Teambuilding Exercise for Problem-Solving: The Great Egg Drop

by Melany Gallant | Posted | Engagement

Teambuilding Exercise for Problem-Solving: The Great Egg Drop

Want to have a winning work team?

This post is the second in a three-part series on creative teambuilding exercises you can try with your staff to strengthen employee connections and enhance cohesion and interaction between departments.

In our first post we discussed teambuilding goals and an exercise for developing conflict resolution skills.

In this post we discuss how to help your team develop problem-solving skills through “The Great Egg Drop” teambuilding exercise.

Keep Your Egg Intact!

Messy, fun and educational, this exercise brings teambuilding and problem solving to a new level.

Goals of the exercise:

  • Increasing negotiation skills
  • Promoting cooperation
  • Enhancing leadership qualities

Time:

  • 30-45 minutes to build package
  • 15-30 minutes for the Great Egg Drop
  • 15-45 minutes cleanup & debrief

Number of Participants per Group: Small groups 4-6. Large groups 10-15.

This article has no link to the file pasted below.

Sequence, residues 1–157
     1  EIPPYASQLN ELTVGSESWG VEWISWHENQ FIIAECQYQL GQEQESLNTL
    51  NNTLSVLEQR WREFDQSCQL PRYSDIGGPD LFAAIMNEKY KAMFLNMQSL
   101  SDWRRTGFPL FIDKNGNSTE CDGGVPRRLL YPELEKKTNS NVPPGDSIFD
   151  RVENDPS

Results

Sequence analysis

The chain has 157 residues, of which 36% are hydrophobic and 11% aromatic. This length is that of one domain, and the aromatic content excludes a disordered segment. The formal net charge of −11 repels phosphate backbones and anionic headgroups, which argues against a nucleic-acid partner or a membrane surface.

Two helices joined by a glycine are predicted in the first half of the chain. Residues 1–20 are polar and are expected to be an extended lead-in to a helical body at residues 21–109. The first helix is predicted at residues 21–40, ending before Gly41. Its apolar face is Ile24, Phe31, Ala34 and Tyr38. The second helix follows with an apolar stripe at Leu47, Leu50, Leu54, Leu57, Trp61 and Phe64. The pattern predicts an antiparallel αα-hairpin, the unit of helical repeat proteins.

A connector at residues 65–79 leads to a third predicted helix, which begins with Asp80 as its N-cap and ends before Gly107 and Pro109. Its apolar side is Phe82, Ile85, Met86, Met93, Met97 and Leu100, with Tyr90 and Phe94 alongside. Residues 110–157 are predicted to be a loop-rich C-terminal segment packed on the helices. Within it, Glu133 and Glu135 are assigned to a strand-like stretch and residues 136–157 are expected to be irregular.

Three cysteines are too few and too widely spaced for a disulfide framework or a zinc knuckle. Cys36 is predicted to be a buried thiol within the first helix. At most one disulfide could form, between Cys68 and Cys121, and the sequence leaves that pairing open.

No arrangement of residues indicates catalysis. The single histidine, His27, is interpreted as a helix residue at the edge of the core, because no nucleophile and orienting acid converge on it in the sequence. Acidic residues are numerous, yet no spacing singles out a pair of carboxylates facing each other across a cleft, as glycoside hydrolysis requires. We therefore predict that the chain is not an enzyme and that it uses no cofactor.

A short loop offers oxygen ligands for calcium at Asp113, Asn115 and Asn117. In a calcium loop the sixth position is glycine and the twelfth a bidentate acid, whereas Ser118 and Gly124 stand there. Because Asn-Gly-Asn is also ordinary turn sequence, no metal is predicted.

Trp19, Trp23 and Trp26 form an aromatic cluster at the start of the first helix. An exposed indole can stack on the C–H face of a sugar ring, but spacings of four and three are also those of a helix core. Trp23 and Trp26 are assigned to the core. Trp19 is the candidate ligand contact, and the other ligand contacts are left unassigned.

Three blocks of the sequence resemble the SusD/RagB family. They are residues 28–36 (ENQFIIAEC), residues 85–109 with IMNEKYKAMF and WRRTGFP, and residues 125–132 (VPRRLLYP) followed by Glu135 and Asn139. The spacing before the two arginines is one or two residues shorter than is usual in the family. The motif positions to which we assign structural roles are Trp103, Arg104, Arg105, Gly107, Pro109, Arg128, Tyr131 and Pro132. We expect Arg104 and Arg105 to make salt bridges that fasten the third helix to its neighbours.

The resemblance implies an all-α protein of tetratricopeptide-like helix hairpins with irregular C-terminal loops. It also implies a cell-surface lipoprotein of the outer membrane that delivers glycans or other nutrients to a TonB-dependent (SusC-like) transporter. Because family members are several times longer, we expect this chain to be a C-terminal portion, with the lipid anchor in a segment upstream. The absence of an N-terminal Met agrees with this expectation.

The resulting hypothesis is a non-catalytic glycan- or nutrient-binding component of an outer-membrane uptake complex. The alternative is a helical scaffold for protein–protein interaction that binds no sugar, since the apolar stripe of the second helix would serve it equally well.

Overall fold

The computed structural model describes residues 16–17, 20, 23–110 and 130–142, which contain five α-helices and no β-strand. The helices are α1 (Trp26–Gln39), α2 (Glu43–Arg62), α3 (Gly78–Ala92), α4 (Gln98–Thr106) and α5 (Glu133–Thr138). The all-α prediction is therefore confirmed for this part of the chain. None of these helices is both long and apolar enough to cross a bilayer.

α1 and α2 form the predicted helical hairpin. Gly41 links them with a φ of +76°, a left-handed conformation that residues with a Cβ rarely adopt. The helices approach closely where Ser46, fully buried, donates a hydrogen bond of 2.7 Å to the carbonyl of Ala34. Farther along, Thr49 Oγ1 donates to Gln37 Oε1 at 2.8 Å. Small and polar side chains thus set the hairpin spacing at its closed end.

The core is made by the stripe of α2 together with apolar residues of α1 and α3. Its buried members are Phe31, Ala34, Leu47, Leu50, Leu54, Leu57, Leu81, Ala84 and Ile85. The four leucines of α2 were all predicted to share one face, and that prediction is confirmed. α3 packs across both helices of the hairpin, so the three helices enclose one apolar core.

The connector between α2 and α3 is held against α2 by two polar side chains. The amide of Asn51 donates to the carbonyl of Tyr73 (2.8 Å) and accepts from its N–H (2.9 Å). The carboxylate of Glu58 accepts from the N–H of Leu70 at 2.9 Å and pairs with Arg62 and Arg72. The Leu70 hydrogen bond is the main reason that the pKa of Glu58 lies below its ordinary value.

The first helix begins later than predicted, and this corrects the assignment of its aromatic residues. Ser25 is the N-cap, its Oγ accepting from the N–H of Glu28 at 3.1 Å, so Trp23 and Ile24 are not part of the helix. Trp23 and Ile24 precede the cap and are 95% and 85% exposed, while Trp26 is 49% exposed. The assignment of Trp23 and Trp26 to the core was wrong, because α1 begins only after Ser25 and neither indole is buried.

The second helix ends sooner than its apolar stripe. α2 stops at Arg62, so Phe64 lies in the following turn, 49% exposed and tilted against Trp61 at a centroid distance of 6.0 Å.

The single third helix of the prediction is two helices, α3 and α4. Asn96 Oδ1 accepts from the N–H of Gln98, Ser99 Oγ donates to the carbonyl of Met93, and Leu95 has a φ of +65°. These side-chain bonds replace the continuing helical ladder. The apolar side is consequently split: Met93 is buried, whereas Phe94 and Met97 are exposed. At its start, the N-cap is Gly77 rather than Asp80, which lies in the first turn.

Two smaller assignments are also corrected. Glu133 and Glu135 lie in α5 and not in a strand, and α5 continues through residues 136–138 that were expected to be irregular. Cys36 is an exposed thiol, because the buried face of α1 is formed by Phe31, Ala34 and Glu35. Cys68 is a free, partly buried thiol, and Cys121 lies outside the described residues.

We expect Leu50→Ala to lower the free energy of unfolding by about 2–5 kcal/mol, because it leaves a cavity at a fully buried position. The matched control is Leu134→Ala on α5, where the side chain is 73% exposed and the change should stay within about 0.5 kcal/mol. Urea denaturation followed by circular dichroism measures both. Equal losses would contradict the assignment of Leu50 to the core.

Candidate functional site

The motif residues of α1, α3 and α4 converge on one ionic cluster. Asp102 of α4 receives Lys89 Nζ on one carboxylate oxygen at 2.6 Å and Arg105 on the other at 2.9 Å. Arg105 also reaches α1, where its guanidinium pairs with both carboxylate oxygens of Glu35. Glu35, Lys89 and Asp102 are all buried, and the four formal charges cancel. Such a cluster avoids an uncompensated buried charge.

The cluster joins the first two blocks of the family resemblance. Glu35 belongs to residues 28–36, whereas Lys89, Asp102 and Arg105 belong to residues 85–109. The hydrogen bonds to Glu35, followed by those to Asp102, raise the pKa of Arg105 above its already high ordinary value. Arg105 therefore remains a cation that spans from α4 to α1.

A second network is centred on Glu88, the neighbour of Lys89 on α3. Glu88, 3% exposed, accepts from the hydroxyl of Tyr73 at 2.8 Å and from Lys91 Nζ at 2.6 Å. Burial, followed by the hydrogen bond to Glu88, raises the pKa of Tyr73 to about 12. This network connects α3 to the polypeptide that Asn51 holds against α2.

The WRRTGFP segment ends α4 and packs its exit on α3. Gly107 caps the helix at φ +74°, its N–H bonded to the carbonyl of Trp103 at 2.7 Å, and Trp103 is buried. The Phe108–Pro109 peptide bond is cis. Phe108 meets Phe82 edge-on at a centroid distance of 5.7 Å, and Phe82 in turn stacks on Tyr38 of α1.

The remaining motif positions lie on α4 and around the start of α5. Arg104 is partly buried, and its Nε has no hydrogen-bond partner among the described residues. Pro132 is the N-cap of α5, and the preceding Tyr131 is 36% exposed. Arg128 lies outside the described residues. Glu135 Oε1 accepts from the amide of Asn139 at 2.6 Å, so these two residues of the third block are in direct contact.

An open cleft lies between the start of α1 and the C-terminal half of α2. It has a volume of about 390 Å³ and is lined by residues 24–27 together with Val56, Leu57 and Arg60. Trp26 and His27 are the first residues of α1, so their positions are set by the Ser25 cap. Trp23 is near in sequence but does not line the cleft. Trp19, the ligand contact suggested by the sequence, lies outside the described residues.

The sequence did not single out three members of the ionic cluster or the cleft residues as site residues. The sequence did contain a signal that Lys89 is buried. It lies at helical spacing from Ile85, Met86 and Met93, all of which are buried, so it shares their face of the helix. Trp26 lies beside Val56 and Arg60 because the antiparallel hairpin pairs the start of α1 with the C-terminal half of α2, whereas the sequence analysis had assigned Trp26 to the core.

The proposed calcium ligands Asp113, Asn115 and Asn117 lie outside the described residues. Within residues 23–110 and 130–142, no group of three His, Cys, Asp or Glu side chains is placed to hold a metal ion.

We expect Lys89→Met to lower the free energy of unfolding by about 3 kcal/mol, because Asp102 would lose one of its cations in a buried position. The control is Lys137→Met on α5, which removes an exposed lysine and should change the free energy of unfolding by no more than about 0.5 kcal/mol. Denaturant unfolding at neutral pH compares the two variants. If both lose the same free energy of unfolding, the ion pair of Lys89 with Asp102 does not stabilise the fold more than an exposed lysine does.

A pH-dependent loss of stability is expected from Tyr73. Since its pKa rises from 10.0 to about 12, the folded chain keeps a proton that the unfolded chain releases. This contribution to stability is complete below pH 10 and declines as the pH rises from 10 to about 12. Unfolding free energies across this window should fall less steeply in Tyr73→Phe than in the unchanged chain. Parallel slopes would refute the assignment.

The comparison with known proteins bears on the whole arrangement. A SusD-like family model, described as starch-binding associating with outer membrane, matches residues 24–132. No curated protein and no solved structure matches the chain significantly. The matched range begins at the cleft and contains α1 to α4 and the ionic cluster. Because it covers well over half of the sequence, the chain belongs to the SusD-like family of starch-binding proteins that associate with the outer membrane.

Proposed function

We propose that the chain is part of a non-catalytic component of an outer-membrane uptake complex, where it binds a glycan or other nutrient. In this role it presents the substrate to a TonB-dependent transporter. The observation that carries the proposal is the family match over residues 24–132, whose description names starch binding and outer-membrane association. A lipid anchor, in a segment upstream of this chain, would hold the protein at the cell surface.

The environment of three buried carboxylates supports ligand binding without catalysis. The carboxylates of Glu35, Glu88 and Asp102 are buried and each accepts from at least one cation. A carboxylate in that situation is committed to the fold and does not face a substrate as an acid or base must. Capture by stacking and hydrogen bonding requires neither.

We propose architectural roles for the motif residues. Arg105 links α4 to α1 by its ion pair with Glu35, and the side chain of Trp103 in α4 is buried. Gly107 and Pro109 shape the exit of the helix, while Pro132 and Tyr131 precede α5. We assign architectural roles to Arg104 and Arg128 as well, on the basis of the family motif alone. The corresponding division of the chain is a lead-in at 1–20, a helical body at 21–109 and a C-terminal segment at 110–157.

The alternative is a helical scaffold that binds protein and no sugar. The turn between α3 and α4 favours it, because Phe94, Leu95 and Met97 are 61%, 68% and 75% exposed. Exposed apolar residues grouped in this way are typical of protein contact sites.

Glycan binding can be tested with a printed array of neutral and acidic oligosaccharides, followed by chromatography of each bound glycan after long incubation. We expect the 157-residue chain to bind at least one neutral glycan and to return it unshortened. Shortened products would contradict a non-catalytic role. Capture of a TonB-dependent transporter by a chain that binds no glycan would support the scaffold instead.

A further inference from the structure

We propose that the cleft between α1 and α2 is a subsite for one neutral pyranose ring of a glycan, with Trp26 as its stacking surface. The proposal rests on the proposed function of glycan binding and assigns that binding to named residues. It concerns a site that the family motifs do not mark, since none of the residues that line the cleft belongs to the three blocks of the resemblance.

Equipment: 4 to 12 straws (depending on desired difficulty), masking tape, egg

Exercise Description: With the equipment provided, build a package for a single egg that can sustain a fall of 8 ft without the egg breaking. If desired, you can require teams make a 30 second jingle to sell their package. Once teams have finished making their package, they must test its efficacy by dropping it from a height of 8ft. The team whose egg stays intact wins.

Possible Debrief Questions
(courtesy: http://wilderdom.com/games/descriptions/SurvivalScenarios.html)

  • How were decisions made?
  • Who influenced the decisions and how?
  • How could better decisions have been made?
  • Did people listen to each other? If not, why not?
  • What roles did group members adopt?
  • How was conflict managed?
  • What kinds of behavior helped or hindered the group?
  • How did people feel about the decisions?
  • How satisfied was each person with the decision? Ask each participant to rate his / her satisfaction on a scale of 1 – 10, then obtain a group average and compare / discuss with other groups’ satisfaction levels.
  • What have you learned about the functioning of this group?
  • How would you do the activity differently if you were asked to do it again?

Do you have any great teambuilding activities to share with us? Have you tried this exercise with your team? What were the results?

In our next post on building a winning work team through creative teambuilding exercises, we discuss building trust through “The Mine Field” exercise.




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